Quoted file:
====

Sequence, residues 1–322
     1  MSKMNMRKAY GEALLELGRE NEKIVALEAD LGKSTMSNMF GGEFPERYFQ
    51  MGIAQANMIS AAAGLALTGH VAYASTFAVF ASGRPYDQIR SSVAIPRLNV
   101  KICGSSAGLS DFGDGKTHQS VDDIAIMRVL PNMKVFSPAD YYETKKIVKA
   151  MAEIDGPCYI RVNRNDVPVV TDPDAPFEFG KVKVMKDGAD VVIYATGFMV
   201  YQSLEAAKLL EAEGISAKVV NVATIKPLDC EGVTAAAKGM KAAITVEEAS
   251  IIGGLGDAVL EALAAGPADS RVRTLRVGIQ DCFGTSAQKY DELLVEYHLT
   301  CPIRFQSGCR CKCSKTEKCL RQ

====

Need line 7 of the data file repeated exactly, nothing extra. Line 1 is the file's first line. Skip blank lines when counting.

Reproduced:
   251  IIGGLGDAVL EALAAGPADS RVRTLRVGIQ DCFGTSAQKY DELLVEYHLT